The weather forecast predicted clear skies. Anticipating a panoramic view and plenty of photo opportunities, I was carrying a 50-liter pack with camera gear and a heavy tripod. Unfortunately, it was overcast and hazy. But it was a good workout.
A couple of dump trucks were driving up and down this short section of road. This wasn’t an issue as we always had plenty of warning to get out of the way. They were working, we were recreating, and they didn’t need us slowing them down.
Fortunately, after a moderate climb, we quickly reached the next junction, turned left onto another road, one also leading uphill, and left the trucks behind. A quick check of the Gaia GPS app showed the road passed right next to the peak so we knew that we were on the right track. Climbing hills meant getting warm so we stopped twice to take layers off. At the top of the climb, the road flattened out and only gradually increased elevation. However, with the haze and clouds along with a thick line of timber beside the road, there weren’t any photogenic views. Recording video slipped my mind along here.
The short turn off to the peak itself is approximately two miles from the gate. Fortunately, the trees growing in the roadbed were old enough and tall enough that it was easy to wind our way through them.
After a short walk, the road became a landing. Here we needed to turn right and climb up a short bank to the actual rock that is the peak. The summit is closed in by trees so there isn’t a view from there. It took a little bit to find the summit register. The best way to find the register, two tightly sealed jars in red painted cans tucked in against some sheltering rocks, is to stand at the short rock spire that is the high point and look down. We hunted for it for a while before giving up, and then Mike spotted it. The jars were sealed up tightly so we left them alone.
The hike is described as just over four-mile out and back because it turns around and backtracks to the vehicles. We opted to make it into a loop by dropping down the far side to Blue Lake, then returning on old railroad grades. After walking back down the short side road to the peak, we turned left. The road followed the ridge for a while and the views opened up towards Kings Mountain. The road then becomes much steeper as it drops down to the North and connects to the North Fork of the Wilson. There were views along the way but once again the clouds and haze interfered.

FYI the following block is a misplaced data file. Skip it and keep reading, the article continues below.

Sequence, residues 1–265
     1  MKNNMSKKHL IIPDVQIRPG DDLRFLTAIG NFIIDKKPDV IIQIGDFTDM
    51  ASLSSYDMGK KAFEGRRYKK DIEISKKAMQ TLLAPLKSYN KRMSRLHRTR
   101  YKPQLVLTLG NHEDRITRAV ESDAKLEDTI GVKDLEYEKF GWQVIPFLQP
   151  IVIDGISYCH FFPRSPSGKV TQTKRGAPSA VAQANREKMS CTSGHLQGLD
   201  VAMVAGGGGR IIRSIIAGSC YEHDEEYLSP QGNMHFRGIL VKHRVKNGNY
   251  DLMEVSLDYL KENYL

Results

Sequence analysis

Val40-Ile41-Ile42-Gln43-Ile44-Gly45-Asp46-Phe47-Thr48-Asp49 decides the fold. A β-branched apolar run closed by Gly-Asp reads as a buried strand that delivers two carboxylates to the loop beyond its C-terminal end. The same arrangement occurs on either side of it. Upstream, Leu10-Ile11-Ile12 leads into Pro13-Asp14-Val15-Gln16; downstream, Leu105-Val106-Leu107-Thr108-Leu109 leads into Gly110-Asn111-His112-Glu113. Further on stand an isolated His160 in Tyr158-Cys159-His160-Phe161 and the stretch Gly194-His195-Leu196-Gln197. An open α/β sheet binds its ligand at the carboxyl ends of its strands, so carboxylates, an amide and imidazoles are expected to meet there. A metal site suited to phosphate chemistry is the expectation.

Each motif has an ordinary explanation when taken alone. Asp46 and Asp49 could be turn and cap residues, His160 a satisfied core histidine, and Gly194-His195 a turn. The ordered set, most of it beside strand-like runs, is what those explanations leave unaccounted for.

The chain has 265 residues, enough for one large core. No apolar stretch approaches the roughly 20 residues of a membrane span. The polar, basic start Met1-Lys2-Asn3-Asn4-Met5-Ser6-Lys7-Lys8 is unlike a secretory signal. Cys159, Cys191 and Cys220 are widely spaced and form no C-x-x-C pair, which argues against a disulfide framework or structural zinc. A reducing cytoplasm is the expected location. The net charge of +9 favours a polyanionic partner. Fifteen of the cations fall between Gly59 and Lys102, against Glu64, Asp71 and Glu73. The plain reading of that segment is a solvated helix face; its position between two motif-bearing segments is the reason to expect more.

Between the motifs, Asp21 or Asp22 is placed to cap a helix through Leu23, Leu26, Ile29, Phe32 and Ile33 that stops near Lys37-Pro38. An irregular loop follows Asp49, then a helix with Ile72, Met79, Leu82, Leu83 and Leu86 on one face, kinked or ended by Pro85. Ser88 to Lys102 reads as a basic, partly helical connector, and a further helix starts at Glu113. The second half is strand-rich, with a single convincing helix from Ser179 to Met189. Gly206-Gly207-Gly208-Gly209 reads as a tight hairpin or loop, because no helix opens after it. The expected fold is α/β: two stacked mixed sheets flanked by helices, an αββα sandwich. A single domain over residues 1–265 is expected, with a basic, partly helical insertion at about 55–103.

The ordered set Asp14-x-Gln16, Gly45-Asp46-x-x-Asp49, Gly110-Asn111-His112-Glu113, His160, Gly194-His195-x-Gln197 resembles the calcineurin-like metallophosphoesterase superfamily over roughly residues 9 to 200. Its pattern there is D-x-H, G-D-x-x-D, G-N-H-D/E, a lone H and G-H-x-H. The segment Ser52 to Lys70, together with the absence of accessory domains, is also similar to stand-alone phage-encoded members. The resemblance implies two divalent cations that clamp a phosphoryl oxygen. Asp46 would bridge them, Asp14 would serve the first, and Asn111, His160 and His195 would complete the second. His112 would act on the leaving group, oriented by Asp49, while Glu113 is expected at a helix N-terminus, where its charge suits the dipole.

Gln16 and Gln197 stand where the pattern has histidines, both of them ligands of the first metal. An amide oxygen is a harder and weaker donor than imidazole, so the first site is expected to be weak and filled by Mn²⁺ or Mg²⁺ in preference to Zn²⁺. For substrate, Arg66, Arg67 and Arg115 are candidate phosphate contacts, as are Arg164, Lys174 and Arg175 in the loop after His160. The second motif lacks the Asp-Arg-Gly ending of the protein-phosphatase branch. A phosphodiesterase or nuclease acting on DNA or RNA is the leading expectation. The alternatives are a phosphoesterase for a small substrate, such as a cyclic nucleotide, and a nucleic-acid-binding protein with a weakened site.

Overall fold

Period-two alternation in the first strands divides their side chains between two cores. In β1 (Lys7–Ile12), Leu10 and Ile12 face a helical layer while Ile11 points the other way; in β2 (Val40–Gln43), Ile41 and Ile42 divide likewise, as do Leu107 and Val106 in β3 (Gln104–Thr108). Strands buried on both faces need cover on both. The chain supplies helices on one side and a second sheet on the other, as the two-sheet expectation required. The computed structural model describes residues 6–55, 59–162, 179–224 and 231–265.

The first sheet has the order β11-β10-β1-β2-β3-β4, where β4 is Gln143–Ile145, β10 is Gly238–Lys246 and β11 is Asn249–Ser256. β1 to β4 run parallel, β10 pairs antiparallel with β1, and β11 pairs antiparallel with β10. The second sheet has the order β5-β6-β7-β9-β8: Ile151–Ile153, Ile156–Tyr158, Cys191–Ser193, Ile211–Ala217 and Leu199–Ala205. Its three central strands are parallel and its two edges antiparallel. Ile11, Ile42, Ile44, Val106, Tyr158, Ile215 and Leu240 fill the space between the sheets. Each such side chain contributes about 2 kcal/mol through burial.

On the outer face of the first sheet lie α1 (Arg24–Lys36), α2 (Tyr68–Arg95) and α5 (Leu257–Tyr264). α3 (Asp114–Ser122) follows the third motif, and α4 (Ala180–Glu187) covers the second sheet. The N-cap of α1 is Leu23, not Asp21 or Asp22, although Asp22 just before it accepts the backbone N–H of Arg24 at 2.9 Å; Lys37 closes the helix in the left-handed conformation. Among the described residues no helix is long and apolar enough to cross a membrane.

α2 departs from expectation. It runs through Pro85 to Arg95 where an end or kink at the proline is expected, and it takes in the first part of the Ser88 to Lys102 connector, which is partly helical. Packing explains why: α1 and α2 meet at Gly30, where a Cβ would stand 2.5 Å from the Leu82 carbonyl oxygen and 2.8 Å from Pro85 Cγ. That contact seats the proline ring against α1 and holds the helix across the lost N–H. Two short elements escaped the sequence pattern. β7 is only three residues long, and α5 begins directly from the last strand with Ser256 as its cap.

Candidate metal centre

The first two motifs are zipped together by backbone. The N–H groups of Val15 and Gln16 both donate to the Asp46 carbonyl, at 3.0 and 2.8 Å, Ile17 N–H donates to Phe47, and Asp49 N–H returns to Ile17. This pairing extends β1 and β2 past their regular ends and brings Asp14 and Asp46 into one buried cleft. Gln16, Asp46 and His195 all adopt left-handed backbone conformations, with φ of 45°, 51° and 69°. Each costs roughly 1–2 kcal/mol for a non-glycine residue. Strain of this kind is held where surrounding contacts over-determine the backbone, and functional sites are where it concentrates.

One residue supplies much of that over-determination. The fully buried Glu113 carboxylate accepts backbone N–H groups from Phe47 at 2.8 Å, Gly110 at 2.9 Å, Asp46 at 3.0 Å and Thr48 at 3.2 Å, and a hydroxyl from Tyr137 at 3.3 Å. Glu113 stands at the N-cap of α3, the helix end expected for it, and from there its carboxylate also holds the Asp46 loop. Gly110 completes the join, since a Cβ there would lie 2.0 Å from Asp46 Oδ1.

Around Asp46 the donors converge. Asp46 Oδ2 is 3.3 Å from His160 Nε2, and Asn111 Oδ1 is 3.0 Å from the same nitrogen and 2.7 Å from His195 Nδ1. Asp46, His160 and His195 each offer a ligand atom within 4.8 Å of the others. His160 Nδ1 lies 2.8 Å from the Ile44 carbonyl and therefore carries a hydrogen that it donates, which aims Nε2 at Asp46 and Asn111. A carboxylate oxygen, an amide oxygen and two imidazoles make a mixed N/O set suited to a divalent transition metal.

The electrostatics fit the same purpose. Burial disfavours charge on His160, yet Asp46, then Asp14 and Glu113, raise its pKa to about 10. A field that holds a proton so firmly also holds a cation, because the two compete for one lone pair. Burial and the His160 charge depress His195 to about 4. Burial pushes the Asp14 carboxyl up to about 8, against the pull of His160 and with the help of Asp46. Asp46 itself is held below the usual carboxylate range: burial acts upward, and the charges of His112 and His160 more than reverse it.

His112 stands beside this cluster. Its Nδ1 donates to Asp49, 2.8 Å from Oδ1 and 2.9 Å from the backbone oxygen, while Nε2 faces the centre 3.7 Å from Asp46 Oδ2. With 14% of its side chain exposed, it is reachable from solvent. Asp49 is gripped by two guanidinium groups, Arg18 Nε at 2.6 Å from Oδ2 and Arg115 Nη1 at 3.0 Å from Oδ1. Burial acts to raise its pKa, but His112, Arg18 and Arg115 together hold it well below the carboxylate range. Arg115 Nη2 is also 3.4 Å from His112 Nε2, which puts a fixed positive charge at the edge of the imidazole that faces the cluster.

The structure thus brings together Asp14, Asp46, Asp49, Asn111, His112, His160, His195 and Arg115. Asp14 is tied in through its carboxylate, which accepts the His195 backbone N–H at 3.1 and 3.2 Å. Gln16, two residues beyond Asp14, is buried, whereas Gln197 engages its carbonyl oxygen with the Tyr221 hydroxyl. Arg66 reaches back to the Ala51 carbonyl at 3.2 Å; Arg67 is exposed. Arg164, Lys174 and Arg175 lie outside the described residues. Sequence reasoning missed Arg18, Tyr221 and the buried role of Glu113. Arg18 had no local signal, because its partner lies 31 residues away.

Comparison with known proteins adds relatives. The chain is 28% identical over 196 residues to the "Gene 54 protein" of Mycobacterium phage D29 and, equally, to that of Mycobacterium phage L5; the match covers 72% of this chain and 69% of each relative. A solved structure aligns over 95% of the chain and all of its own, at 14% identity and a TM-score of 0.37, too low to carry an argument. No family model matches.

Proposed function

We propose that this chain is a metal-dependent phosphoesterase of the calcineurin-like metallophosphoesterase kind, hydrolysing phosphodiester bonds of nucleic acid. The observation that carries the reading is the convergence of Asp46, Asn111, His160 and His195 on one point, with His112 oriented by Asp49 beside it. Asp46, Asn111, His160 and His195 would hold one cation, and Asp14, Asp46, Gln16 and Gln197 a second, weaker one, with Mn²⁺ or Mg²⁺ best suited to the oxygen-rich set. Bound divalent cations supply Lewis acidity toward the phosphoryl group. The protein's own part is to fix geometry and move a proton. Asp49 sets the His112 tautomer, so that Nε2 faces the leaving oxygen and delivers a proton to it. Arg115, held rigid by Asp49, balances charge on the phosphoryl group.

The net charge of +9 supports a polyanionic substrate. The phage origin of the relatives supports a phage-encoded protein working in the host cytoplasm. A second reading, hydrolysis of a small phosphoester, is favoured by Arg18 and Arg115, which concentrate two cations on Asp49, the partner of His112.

This was my first visit to Blue Lake, a nondescript little water impoundment that is handy for firefighting. We stopped there for lunch and watched what looked like a few fish rising to the surface. Blue Lake also features a water pump station to fill water tenders.
Heading back involved hiking back up the short section of the North Fork of the Wilson that we had hiked down and on past the road leading back up to Rogers Peak. This led to Standard Grade, an old railroad logging grade that has been converted to a road. It starts at Cochran, the summit of the Port of Tillamook Bay Railroad that is accessible by car or truck from Timber and climbs up to the top of the ridges where Storey Burn road joins it. Storey Burn road starts at the Highway 6 summit and runs North to Standard Grade. From there, Standard Grade follows along the ridges West to Gilmore road and Firebreak 8.
We followed Standard Grade back to Gilmore road, making the trip into a loop. The clouds and haze were beginning to lift and the views were improving. The dump trucks were back along this short section but as before there weren’t many and they were easy to hear and to step aside for. We finally reached the gate and our waiting vehicles after a little over 8 miles total.
This turned out to be a very nice hike. While it involved road walking instead of a trail, the potential for views more than makes up for it. During the late fall and winter, this offers an alternative to a muddy trail. Be aware that the weather can change quickly and it does snow up there.
There is very limited room to park at the gate, but back down the road a short distance there is a little more parking. Be sure to allow plenty of room for other vehicles such as log trucks and off-road dump trucks to pass. This area participates in the Northwest game management road closure during the fall hunting seasons so be aware that the access past the gate changes to walk-in only if you attempt this during that time frame.
The total distance was 8.1 miles. Our max elevation was the summit at 3,706 feet, and the total elevation gain (the total of uphill hiking anywhere along the route) was 1,440 feet. All in all, it is a somewhat moderate hike.
I recommend this hike highly. It doesn’t follow a traditional hiking trail but the views make up for that. Other than the initial climb in the first mile or so, the route is easily walkable. We had most of the route to ourselves, other than the trucks using a short piece of the road. I appreciate Hampton Lumber Company allowing hiking access.